Carlos will learn some front office ropes with the Mets and maybe the front office will learn a few things from the player who wound down a twenty-year run as the avatar of universal esteem. His image could use an infusion of steam after his currency as veteran leader of the Astros was revealed as a two-sided coin lacking legitimate luster. Nobody said the man didn’t know his baseball, just that maybe he knew certain aspects of it a little too well and communicated it a little too shadily.

It is the late winter of Matt Allan, the Met pitching prospect trapped in physical rehabilitation limbo for most of his professional life. We drafted Allan fairly high in 2019, which is also the last year he pitched in an actual game. There was the COVID year with no minor league action; there was Tommy John surgery; there was rehab; there was ulnar nerve transposition; there was more rehab; and now we learn there’s been UCL revision, with more rehab ahead.

No 2023 on the mound for Allan, whose name may still be the first to flit about margins of the Mets fan consciousness when the concept of top pitching prospects is mentioned because a) he remains highly regarded in absentia; b) Met prospects who merit repeated mention haven’t been pitchers for quite a while. What can be said beyond “good luck” to a promising righty not quite 22 and “we look forward to your full health” by ’24?

It is the late winter of Keith Raad and Pat McCarthy, a couple of other minor league names, albeit with brighter immediate prospects ahead of them as they and their voices prepare to infiltrate our heads. Raad will take over for Los Angeles Angles TVcaster Wayne Randazzo, sliding into the WCBS booth alongside the You Gotta Have Heartiest announcer within earshot, Howie Rose. Raad was last heard calling Brooklyn Cyclones baseball. McCarthy, son of Mets radio alum Tom McCarthy, was working in Lehigh Valley for the Phillies’ IronPigs affiliate before being tabbed for what is most easily understood as the Ed Coleman role: pregame, postgame, fill-in. We wish them well as we once wished that heretofore Midwestern stranger Randazzo well.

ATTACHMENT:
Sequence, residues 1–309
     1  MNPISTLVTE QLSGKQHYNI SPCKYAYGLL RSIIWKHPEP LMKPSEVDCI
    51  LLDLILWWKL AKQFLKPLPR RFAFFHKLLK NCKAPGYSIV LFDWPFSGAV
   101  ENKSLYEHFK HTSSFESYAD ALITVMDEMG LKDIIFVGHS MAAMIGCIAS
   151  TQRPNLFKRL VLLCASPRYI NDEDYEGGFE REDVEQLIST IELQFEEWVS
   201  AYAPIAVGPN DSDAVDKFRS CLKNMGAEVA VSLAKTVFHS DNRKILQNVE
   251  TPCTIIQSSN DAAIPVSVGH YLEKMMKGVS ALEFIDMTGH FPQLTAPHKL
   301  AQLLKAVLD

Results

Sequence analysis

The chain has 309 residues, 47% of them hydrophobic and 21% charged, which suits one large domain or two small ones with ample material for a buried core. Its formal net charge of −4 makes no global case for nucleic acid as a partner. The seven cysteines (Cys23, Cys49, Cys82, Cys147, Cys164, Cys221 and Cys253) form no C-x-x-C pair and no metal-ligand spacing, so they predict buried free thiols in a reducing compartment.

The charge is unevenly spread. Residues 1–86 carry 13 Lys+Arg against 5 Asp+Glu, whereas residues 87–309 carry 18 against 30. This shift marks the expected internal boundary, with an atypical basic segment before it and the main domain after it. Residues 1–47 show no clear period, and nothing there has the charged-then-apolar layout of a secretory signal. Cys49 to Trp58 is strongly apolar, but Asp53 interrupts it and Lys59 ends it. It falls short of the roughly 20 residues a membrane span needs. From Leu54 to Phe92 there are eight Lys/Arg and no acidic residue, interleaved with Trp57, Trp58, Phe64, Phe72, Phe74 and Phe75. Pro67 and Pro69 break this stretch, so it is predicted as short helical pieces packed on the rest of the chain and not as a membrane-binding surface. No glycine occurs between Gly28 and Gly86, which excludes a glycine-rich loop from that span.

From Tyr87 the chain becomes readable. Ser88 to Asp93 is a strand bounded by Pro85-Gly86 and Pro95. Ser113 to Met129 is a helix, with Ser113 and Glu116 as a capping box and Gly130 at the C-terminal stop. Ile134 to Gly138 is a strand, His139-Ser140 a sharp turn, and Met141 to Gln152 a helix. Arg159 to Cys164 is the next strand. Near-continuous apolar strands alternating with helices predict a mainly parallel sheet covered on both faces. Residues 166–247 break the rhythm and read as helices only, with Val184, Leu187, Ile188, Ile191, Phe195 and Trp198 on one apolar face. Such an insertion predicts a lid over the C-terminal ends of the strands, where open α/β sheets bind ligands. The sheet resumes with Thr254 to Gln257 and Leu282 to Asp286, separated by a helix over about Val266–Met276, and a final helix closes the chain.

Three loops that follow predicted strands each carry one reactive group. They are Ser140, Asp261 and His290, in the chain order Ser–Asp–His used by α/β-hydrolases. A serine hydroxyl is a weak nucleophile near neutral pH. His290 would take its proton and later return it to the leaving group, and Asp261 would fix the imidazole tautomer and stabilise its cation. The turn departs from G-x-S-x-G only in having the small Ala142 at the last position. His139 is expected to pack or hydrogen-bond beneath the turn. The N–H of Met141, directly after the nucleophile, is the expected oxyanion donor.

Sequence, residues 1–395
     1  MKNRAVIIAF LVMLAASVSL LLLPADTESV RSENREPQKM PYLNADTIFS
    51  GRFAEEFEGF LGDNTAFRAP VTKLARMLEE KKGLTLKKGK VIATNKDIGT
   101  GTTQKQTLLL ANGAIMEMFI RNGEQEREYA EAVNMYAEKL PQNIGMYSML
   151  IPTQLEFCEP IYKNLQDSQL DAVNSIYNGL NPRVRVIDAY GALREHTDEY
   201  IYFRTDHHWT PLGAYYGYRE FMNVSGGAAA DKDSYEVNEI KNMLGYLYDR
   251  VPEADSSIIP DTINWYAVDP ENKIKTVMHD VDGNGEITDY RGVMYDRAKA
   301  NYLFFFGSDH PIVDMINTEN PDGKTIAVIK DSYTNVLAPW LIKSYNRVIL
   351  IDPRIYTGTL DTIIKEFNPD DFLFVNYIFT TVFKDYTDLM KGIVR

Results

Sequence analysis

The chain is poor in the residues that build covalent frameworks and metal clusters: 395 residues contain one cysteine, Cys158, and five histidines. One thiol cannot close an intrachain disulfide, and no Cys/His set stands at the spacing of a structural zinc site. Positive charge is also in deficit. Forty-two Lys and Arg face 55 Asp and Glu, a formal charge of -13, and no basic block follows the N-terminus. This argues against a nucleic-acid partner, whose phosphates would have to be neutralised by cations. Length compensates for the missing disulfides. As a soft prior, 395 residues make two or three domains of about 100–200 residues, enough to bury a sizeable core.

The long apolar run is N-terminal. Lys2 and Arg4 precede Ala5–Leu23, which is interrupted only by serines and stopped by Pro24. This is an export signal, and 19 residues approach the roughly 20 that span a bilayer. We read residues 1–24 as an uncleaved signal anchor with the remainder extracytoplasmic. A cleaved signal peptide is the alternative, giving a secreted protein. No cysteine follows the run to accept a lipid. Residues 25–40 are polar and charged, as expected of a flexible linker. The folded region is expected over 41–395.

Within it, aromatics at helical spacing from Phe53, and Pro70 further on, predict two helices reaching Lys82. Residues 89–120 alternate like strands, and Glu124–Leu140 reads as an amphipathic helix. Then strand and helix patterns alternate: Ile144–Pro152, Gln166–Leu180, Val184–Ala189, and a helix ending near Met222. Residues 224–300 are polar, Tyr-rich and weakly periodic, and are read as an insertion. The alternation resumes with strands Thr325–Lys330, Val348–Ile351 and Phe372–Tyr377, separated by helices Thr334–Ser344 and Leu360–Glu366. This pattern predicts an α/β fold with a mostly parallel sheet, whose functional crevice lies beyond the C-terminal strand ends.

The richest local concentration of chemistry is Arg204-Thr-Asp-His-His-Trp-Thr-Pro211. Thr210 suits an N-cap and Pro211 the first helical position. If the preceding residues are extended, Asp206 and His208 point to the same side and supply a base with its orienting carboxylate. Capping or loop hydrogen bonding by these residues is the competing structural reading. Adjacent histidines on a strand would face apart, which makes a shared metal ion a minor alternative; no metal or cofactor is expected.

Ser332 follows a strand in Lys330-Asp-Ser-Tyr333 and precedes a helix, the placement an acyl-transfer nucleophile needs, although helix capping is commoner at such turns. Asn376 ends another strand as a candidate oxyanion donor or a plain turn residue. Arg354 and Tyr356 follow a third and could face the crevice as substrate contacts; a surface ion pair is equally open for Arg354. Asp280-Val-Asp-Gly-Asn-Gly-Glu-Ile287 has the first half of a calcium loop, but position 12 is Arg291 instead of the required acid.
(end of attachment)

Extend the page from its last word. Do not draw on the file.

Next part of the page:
Wayne turned out pretty well, making us forget over his eight seasons that he arrived in Queens with zero Met pedigree. He truly became part of the family and, alas, too highly sought to remain a veritable second banana in radio (though there are worse things than ripening within the Howie Bunch). My affinity for Randazzo will live on every time it looks like rain and I grab my Kane County Cougars 25th Anniversary cap, which I think of as my Wayne Randazzo cap. Wayne called KCC games in his pre-Met incarnation, something the thoughtful person who sent me the cap wasn’t necessarily thinking about when sending my way some minor league swag he’d come across. I started wearing that particular cap under threatening skies because I decided I didn’t care if it got all wet. But now that it’s my Wayne Randazzo cap, I’ve developed a transcendent fondness for it…unlike my deGROM 48 t-shirt, which I’ve opted out of active t-shirt rotation given that I can’t look at it and not feel disdain. Jake’s 48 goes to the retirement shelf of the closet, where it will wait for my pique to settle down and a ceremonial reason to be called on again.

Long Island’s Own Keith Raad (LIOKR) grew up a Mets fan and Pat McCarthy shared to social media a picture from the years he and his dad spent at Shea — the kid wore a Billy Wagner jersey — which amounts to a proverbial foot in the door to our goodwill. Our ears are open for the rest of their story.

It is the late winter of baseball movies, which are good viewing any time of year, but particularly when there are no baseball games. My five favorite films in the genre, as well as the five favorites of my podcast partner Jeff Hysen, are the subject of the newest episode of National League Town, to which I invite you to listen. We dedicated an episode to the newest selectees of the Mets Hall of Fame the week before. Give that one a listen, too.

It is late winter. How late? Next week will be Spring Training. Sounds pretty good.

4 comments to Winter’s Getting Late

  • Another very fun article with a few passages that made me laugh aloud. Thanks!

    What are your movies?!!

  • Seth

    Wasn’t Tommy Pham a bit of a Met-killer? I haven’t looked up the stats to verify, but my PTSD tells me so.

    • Seth

      Over 30 games career, he was 32 for 97, a .330 average and a .430 OBP. So — yes, if you can’t beat ’em, get ’em to join you.

  • open the gates

    For what it’s worth, I think Darin Ruf was also a bit of a Met-killer. Both before and after he joined the team. So yeah, that doesn’t always work. I will say, if Mr. Cohen can ever lure Freddy Freeman to Flushing, I’ll be the first to say that all is forgiven.